LONDON – Going for it paid off huge against the Eagles. The Titans could have attempted a field goal for a tie, but risked a loss on fourth down in order to get in position for a glorious overtime win.

At Wembley Stadium they were in position likely to force overtime with a PAT, but instead went for a 2-point conversion. And when they missed it and got a second chance thanks to a penalty, they tried it again and missed it again, absorbing a 20-19 loss.IMG 6112 1

Thus they return to Nashville at 3-4, holders of a three-game losing streak heading into a bye.

Mike Vrabel said he wouldn’t second-guess it, that doing so is a job for those of us asking the questions. And so I am happy to oblige.

It was too long a slog to get to a likely overtime to put it all on one play, especially when passes to Tajae Sharpe and Taywan Taylor were the selections in going for the win.

The second play had no chance in terms of connecting with Taylor.

You can see clean versions of both tries here.

Why not run it?

"I think from where I was they walked everybody up in there and showed blitz and popped out," Vrabel said. "So, it probably wouldn't have looked real enticing."

What’s the case for extending the game the way I would have preferred?

The defense had settled down and held the Chargers to punt, field goal, punt on their final three possessions of regulation while the offense had countered with touchdown, punt, missed field goal and the touchdown that provided the PAT vs. 2-point conversion.MDILogo2

Having faith in the 2-point conversion attempt isn’t far different from having faith in an ability to drive the ball, particularly if there would have been a kickoff return involved as Darius Jennings had a very nice 31.2-yard average on five chances. The Titans were finally running the ball, being who they want to be with 16 carries for 102 yards in the second half.

So keep going.

But Vrabel had told the team if there were less than 40 seconds left when it scored, it would go for 2. One consideration was that Corey Levin was already playing for starting left guard Quinton Spain and Dennis Kelly had replaced starting right guard Josh Kline. That wasn't ideal for a long offensive series or more.

“We wanted to win the game we wanted to go out there and win the game," Vrabel said. "Just a few short weeks ago it was great, and now it’s not so great. And so we’re going to get back to work and we’re going to improve.”

Choosing the one-play option says “We are confident we can win this one play” but it also says “We do not think we can hold for 35 seconds and win in 10 minutes or fewer.”

And it’s completely reasonable for you to be disappointed in that.

Being aggressive doesn’t demand you’re aggressive every time, and while I know you’ve technically got a 50-50 chance each time you’re also probably not going to stack repeated successes in high-risk, one-play, for-it-all situations.

Every guy in the locker room loved it. Of course, they have their coach’s back, one. Of course, they like the killer mentality, two.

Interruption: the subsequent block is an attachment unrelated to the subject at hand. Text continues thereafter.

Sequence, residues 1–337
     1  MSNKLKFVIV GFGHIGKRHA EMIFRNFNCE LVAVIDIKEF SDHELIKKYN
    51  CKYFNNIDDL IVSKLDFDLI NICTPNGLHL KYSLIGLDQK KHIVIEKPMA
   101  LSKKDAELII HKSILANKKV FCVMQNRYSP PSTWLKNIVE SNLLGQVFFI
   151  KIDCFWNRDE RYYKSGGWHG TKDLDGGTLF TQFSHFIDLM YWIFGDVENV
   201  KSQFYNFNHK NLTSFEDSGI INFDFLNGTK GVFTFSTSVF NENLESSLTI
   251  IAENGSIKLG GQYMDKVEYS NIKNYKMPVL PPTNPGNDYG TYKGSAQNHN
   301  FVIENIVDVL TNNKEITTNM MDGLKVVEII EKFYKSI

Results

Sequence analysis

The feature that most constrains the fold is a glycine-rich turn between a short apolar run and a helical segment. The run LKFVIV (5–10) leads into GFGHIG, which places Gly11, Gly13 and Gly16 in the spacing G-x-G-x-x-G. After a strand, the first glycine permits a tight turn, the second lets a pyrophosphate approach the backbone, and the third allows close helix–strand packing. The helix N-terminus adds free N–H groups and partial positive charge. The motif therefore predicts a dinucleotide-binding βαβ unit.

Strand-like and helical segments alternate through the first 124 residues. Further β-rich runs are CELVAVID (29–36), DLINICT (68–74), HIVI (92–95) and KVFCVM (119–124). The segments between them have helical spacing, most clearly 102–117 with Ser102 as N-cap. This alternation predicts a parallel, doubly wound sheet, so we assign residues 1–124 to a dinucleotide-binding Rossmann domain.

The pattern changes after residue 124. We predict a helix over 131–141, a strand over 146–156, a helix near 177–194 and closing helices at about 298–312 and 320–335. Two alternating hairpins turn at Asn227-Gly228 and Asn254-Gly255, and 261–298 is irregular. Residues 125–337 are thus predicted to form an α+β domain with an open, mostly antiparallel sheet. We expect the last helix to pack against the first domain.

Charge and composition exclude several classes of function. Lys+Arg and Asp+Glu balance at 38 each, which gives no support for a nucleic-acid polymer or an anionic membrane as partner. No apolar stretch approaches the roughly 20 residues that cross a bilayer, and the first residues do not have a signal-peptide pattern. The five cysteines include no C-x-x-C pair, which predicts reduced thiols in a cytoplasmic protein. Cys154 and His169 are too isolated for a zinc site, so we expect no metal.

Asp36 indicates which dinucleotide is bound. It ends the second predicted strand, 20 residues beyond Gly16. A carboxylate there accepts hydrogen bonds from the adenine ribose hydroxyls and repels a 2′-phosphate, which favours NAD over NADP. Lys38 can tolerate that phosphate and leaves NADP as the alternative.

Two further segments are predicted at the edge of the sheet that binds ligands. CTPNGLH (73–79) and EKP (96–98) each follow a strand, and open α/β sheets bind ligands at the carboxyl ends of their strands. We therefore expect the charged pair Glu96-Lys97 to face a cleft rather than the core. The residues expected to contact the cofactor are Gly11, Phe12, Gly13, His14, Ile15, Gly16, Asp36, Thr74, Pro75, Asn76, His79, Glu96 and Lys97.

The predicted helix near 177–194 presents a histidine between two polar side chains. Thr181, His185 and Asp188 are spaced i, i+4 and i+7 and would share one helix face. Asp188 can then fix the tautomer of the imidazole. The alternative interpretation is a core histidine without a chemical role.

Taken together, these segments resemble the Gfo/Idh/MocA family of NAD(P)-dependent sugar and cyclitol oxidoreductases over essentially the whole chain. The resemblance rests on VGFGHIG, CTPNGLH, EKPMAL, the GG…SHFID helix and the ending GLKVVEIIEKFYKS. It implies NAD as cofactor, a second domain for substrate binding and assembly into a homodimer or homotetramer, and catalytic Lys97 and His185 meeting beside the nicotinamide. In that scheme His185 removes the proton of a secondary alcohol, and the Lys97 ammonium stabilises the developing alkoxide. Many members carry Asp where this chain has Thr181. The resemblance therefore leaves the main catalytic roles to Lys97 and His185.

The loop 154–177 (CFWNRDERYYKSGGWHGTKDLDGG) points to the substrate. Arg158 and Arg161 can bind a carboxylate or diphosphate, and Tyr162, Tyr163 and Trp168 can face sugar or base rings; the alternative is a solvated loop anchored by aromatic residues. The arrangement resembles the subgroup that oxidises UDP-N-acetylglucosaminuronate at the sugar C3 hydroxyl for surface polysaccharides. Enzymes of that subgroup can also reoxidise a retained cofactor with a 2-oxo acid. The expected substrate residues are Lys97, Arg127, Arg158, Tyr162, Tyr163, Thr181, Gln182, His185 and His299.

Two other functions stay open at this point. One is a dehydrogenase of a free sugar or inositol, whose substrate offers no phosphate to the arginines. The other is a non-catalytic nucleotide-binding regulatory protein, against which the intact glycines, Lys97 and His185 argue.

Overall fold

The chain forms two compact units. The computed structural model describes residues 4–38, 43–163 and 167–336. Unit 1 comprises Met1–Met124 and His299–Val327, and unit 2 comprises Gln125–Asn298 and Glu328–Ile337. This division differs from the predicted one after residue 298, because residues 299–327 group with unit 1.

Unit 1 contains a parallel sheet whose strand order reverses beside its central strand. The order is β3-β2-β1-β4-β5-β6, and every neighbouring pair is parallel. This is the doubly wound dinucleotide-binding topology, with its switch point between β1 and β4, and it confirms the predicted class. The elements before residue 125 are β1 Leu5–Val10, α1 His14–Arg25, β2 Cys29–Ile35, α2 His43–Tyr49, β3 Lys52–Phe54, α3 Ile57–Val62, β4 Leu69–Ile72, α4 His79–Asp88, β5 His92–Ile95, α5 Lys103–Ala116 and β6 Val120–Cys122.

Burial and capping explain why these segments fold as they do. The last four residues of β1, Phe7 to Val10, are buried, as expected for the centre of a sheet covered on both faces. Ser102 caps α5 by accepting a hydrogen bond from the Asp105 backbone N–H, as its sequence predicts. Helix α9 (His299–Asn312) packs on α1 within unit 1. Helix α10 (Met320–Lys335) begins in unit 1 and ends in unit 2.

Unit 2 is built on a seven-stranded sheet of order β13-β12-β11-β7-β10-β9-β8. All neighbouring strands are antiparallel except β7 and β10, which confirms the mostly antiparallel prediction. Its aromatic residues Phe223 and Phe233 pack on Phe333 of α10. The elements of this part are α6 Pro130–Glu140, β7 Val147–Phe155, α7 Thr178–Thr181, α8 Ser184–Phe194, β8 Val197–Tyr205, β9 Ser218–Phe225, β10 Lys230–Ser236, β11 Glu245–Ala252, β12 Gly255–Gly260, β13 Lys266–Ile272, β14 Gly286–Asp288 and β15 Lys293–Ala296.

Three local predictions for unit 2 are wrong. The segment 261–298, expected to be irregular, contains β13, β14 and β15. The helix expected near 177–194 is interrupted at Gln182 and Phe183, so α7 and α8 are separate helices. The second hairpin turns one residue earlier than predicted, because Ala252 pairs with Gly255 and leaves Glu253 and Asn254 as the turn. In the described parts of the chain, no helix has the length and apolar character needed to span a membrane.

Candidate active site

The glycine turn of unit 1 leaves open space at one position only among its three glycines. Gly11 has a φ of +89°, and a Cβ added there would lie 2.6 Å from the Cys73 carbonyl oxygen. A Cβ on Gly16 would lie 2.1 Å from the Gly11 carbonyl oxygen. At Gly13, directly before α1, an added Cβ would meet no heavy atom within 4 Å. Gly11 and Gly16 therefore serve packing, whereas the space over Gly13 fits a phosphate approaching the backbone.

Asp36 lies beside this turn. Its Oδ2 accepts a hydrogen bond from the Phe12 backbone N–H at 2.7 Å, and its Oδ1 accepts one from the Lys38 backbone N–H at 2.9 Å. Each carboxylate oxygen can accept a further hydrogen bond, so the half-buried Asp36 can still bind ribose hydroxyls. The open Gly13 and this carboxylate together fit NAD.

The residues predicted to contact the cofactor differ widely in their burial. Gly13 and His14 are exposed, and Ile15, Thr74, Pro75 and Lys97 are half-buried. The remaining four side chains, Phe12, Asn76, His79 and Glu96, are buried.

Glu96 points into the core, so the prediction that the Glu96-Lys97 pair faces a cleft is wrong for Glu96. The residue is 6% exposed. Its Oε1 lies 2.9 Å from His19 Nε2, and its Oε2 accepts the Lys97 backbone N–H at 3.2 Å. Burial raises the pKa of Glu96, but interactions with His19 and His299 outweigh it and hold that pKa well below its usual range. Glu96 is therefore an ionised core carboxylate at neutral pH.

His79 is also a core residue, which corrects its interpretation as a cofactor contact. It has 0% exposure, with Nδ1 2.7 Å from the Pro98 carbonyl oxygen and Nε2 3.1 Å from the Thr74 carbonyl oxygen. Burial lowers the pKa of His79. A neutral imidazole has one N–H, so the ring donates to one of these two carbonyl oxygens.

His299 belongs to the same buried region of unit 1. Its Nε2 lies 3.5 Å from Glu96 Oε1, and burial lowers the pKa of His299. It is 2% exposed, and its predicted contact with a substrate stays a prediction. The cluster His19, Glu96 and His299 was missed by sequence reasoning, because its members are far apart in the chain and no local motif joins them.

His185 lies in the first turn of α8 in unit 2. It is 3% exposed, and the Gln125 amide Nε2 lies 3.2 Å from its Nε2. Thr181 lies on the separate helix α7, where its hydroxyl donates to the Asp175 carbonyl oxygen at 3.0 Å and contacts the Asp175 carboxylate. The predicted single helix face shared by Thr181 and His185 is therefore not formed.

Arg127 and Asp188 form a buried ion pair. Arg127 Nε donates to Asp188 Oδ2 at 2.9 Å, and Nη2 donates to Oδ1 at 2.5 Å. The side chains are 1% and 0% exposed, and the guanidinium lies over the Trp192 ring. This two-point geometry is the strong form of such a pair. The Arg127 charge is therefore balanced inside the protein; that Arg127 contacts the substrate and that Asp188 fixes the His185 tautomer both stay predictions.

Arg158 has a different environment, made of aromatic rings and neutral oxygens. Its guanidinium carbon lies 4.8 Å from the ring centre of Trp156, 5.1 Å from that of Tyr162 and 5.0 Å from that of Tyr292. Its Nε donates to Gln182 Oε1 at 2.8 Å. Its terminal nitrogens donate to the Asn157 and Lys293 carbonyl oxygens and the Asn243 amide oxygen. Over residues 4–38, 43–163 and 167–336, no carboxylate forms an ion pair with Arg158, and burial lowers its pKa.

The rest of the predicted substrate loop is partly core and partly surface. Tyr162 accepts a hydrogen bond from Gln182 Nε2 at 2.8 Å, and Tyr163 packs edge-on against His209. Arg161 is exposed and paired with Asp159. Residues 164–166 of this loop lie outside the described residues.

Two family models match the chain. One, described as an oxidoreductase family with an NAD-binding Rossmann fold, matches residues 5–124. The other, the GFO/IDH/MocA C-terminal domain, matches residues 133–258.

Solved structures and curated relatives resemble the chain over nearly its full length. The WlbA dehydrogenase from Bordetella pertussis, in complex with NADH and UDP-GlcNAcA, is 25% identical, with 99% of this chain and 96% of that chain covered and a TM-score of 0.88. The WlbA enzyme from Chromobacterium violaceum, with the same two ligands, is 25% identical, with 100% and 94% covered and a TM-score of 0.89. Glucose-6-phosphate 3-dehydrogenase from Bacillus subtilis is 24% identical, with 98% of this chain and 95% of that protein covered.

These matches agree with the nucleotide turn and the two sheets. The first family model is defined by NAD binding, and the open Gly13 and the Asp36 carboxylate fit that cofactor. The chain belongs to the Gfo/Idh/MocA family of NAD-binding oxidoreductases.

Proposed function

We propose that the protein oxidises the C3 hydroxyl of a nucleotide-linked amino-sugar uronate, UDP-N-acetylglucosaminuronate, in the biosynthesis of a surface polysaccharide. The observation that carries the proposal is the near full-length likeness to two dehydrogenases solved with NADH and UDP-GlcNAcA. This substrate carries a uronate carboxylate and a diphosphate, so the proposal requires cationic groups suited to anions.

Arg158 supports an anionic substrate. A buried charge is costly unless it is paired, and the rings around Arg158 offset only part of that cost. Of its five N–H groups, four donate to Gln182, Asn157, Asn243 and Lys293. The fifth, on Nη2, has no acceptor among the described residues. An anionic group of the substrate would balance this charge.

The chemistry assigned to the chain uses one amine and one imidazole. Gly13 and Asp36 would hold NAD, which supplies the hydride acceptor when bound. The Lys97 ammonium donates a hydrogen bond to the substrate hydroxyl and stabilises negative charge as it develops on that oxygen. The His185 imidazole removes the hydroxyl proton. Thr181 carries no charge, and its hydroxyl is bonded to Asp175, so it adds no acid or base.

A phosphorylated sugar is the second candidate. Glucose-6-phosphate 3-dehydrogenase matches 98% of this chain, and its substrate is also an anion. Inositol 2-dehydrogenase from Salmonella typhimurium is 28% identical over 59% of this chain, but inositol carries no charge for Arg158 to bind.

But as measured as Vrabel generally is, he’s a little more player than coach here with the “Let’s do it” charge, I feel.

And sure, if they make it, it’s a great choice. But they didn’t. So a double standard abounds. He knows it’s coming. He took the applause after the Philly win, he’ll take what comes after the Los Angeles’ loss too.

It shouldn’t have come down to that, frankly, though that’s a famous cliché.

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The Titans gave up two monster plays in the first half.

Tennessee needed 11 plays to drive to a field goal on the first possession, then Philip Rivers turned Logan Ryan around on the Chargers’ first snap, hitting Tyrell Williams with a 75-yard TD strike.

“I just didn’t do my job,” Ryan said. “I was trying to make a play, and I think Rivers saw me sitting down and pumped me and threw it deep. That’s my job. And I’ve been doing a good job of that this year but I let the team down on that one.”

Kendrick Lewis took a turn in the third quarter, getting burnes by Mike Williams, who ran past him to collect an easy 55-yard scoring pass.

And the offense missed good chances to cut into the lead. On the second-to-last Titans’ drive, I saw alligator arms on a good throw for a good gain to Taylor on a first-and-10 from near midfield. And Corey Davis killed the drive on third-and-7 from the Chargers’ 33, extending only one hand and looking very casual as he dropped what looked to be a simple catch of a good throw.

“It just got on me quick so I just reached out with one hand, that’s kind of my reaction,” Davis said. “I know I’ve got to go up with two, make those plays. I expect myself to make those plays. It was my fault.”

Why was it on him quick? It wasn't early. How is he not ready for it and why now? Why are we asking these questions about the fifth pick in the drat in the seventh game of his second season?

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Hearing guys say “My bad” is always good.

But this team simply needs fewer occasions to have guys saying it.

The Titans should be 4-3, minimally, with the Bills game still counting as the real killer.

All is not lost, though it kind of feels like it. The fix-it formula is simple. Get back to limiting the big plays, find more for yourself. Whatever keyed the 5.0 yards per carry against the Chargers, keep doing it.

And don’t go crazy with the aggression.

Not every chance to go for it comes as the right time to go for it

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